Students at Brooklyn College Hillel prepare food for "Feed the Homeless."
By Melanie Kantor
It is 6:00 p.m. on the evening before Thanksgiving and most college students are at home with their families or out with friends they have not seen since the summer.
But at Brooklyn College, nearly 200 students are at the Brooklyn College Tanger Hillel sharing a Thanksgiving dinner with homeless men and women from four shelters around the city.
“Feed the Homeless,” an annual event, attracts students from all student organizations on campus, including Greek fraternities and sororities. And the students are not only Jewish students. They are black, white, Asian, Hispanic, Jewish, Christian and Muslim.
What brings them all together on a day off from school?
“It’s the cohesive effort to make a good time for people who deserve it,” says fourth-year student, Nicole Moses. “Making their holiday better makes us feel good.”
”On the Wednesday evening before Thanksgiving most people would say that it is impossible to have a successful program on campus,” said Linda Askenazi, executive director of Brooklyn College Hillel. “Nevertheless, [this program] is arguably the most diverse, the most upbeat and the best attended ‘chesed’ program of the year.”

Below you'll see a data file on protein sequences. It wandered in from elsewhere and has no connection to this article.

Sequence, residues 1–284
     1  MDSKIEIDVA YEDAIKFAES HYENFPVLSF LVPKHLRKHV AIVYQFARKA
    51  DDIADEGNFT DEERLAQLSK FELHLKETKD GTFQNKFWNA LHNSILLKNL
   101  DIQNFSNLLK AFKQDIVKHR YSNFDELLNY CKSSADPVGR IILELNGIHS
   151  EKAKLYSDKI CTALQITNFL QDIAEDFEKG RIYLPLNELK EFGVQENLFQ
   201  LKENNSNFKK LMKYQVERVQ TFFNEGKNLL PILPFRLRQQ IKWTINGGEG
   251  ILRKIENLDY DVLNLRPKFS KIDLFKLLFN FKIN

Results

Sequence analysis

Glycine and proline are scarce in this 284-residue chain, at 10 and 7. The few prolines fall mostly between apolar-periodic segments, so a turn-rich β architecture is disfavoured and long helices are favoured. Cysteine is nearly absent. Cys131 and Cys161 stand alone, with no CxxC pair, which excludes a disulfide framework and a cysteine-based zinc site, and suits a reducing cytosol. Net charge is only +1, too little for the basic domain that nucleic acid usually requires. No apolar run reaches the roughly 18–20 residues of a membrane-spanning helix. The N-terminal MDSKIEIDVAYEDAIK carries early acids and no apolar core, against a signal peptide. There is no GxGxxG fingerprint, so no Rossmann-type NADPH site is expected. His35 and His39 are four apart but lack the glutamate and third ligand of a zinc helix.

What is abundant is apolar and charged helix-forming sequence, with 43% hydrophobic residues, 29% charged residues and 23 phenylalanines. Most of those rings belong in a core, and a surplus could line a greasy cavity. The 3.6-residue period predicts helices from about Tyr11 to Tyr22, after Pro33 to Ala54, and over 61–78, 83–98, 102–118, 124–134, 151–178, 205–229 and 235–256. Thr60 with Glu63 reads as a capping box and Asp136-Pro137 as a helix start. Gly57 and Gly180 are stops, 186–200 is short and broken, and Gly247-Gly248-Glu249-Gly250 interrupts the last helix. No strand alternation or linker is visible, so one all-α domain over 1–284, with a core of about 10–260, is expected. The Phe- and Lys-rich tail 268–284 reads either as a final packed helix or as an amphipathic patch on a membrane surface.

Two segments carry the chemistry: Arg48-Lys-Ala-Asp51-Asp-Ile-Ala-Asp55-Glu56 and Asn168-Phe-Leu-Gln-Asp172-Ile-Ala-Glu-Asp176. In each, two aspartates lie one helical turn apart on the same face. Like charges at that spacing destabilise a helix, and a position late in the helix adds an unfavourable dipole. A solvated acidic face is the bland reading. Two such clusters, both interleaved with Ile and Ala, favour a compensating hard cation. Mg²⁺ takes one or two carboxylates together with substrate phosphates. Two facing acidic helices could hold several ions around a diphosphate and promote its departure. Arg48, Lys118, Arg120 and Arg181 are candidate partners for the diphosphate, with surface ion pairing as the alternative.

The event, now in its tenth year, provides a Thanksgiving dinner for those who otherwise might not have a dinner. But it’s not just the turkey that they come for. The students work hard to create a holiday atmosphere for those who do not have a home to go to for the holidays. Students are encouraged to sit with and talk to the homeless who attend.
Sharona Spiewak, a member of Alpha Epsilon Phi sorority, says the most meaningful moment of the entire event was when an attendee remarked to her that “I just didn’t know so many people cared.” Spiewak said she was overjoyed that the attendees felt so welcome.
“There are soup kitchens out there that they could have chosen to go to instead,” she says. “We’re happy they chose to come to us.”
The festive atmosphere was enhanced by a deejay and performances by a student a capella group, “Hakol Baseder.”
For Moses her favorite part of the event was “getting everyone up to dance and seeing the smiles on their faces.”
Food for the event, including a dozen turkeys, was donated by area bakeries, butchers, and restaurants. Students picked up the food and brought it to the Hillel, where the food was prepared and set out on ten tables.
Both Moses and Spiewak agree that it is the cohesive effort of students from all of the organizations involved that made this event so special.
Moses says the event is one that “all Hillels should do. It brings all the students together and we get to meet new people every year.” And after four years of attending the event, she has no plans of stopping now.
“It can only get better every year,” she says.
Melanie Kantor, a junior at Georgetown University, is a communications intern for Hillel: The Foundation for Jewish Campus Life.